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Old May 28th, 2013, 07:05 PM   #31
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Re: Lavalier Microphon recomendation


If you want to use a mono (single channel) mic with a stereo (2-channel) input, you will need to use an adapter cable.

Please refer to this photo: File:Photo-audiojacks.jpg - Wikipedia, the free encyclopedia

Let's start with the third connector from the left (above 3.5 on the scale). This is a TRS or Tip-Ring-Sleeve plug. The tip is the metal part at the bottom. Above that is a thin black insulator. Next, in the middle, is a metal "ring." Above the ring is another black insulator. Finally, the uppermost metal part is the sleeve.

The H-1 expects you to plug in a 3.5mm (diameter) TRS plug, like the one shown. Sleeve is common ground for both channels, and also the shield of the cable. Tip is the left channel audio. Ring is the right channel audio. (This is standard wiring for unbalanced "consumer grade" stereo mics.)

If you get a mono mic, it will normally be just a TS (Tip-Sleeve) connector, like the one shown above 1.7 on the scale in the photo. Sleeve is still ground plus the shield of the cable. Tip is the audio.

If you plug a mono TS connector into the H-1, it should be obvious that the audio will be heard only on the left channel. The right channel of the recorder (ring) will be connected to the ground of the mic (sleeve) so there will be no signal on the right channel.

You will need an adapter cable with a TRS plug (male connector, as shown in the photo) on one end, and a TS jack (female connector, which mates with the plug - not illustrated here) on the other end.

The Tip and Ring of the plug should be wired together, and connected to the tip of the jack.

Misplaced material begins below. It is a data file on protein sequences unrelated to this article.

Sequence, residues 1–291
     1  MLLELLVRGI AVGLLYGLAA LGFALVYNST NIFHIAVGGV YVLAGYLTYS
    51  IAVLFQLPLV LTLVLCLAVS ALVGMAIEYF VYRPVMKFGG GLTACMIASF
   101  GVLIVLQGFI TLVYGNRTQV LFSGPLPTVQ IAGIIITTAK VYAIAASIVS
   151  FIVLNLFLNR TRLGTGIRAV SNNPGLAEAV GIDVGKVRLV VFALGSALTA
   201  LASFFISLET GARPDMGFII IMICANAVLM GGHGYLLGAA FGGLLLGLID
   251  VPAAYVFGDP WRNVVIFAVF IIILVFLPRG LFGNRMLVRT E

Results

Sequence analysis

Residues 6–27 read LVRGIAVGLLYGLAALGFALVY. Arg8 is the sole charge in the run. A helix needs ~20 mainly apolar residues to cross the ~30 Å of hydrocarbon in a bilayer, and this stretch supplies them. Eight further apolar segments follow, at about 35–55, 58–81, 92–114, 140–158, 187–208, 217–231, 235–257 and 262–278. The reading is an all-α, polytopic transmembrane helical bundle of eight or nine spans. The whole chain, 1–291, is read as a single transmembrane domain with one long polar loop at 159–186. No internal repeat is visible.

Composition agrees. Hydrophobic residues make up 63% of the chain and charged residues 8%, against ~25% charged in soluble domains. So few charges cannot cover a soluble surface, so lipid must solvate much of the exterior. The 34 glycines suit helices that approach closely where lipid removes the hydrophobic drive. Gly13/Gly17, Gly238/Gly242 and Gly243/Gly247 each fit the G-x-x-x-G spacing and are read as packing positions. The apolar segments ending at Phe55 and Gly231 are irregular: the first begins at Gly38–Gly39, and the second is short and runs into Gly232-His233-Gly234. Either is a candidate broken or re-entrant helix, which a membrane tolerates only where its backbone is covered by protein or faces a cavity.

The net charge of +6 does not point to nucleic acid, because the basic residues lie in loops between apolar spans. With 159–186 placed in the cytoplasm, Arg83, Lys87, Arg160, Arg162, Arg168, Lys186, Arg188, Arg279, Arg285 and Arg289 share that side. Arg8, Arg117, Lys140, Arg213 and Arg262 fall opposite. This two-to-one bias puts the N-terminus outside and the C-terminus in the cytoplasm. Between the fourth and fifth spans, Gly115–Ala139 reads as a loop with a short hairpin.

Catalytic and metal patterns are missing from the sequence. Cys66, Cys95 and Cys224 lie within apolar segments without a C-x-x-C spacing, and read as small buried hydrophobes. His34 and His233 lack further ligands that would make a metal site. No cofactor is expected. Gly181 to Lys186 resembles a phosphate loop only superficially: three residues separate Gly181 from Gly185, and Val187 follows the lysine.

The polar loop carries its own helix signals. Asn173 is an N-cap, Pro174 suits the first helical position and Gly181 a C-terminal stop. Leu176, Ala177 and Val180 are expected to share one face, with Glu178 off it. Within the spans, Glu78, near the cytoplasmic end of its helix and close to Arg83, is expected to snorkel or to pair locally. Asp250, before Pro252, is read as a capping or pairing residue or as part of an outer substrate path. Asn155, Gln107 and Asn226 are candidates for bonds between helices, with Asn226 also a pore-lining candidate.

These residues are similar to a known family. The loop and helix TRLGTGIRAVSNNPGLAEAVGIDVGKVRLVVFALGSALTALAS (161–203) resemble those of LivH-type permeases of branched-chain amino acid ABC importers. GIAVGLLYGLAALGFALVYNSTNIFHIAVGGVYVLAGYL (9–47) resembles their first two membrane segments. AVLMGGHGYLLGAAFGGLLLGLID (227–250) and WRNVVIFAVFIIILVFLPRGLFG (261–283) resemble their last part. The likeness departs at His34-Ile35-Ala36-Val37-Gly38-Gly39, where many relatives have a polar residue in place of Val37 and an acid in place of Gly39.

The Sleeve of the plug should be connected to the sleeve of the jack.
Use shielded cable for the interconnecting wire, to avoid hum and other electrical noise.

Plug your mono mic into this adapter, and the audio from the mic's Tip will go to the recorder's Tip and Ring, thus it will end up equally on both left and right channels.

Do not use this cable on the output of a recorder, as it's somewhat risky to connect two output circuits together. Use this cable only on inputs to recorders.

(In theory we should consider the issue of impedance. But in general, the mic's source impedance is significantly lower than the recorder's input impedance, so you won't load down the mic excessively by using an adapter like this one. Since the "plug-in power" voltage is the same on both channels, no DC current will flow between tip and ring... both will feed just the mic.)
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Old May 28th, 2013, 07:07 PM   #32
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Re: Lavalier Microphon recomendation

In a desperate situation of suddenly having one interviewer and two interviewees (and only two mics) I've mounted the lav on the shoulder / sleeve between the two interviewees and asked them to sit very close. Not ideal but it worked at a pinch.
Perhaps your interviewer could have the lav on his left shoulder and stand angled with left shoulder close to the interviewee? If you can even out the distance of mics to mouths it will help with levels. Not great if there is background noise though.
We have laws under the "Listening Devices Act" that prohibits the act of secretly recording audio without permission. Just recording without prior permission is a criminal act unless its 'in the public interest' , even if it is not Broadcasted. I went through a court case years ago where (for a local news show) we secretly recorded a person being bribed. This was deemed "in the public interest". But recording segments for a Candid Camera light hearted segment would be deemed illegal, permission had to be sought first. And its the person who is recording the audio who is prosecuted, not the producer / production company.
It is legal though if you are obvious ie vox pops, where the camera and mic are in full view, still need to have permission to broadcast though.
Make sure you are familiar with the your local laws, here in Australia they vary from state to state.
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Old December 28th, 2014, 11:34 AM   #33
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Re: Lavalier Microphon recomendation

Sorry to necro this thread from beyond the grave, but I have just read it through and just realised I could use a Y spitter lead to plug a mono shotgun and the receiver (feeding from the transmitter of a wireless lave mic) into a Zoom H1, recording one mic to one track and one to another.

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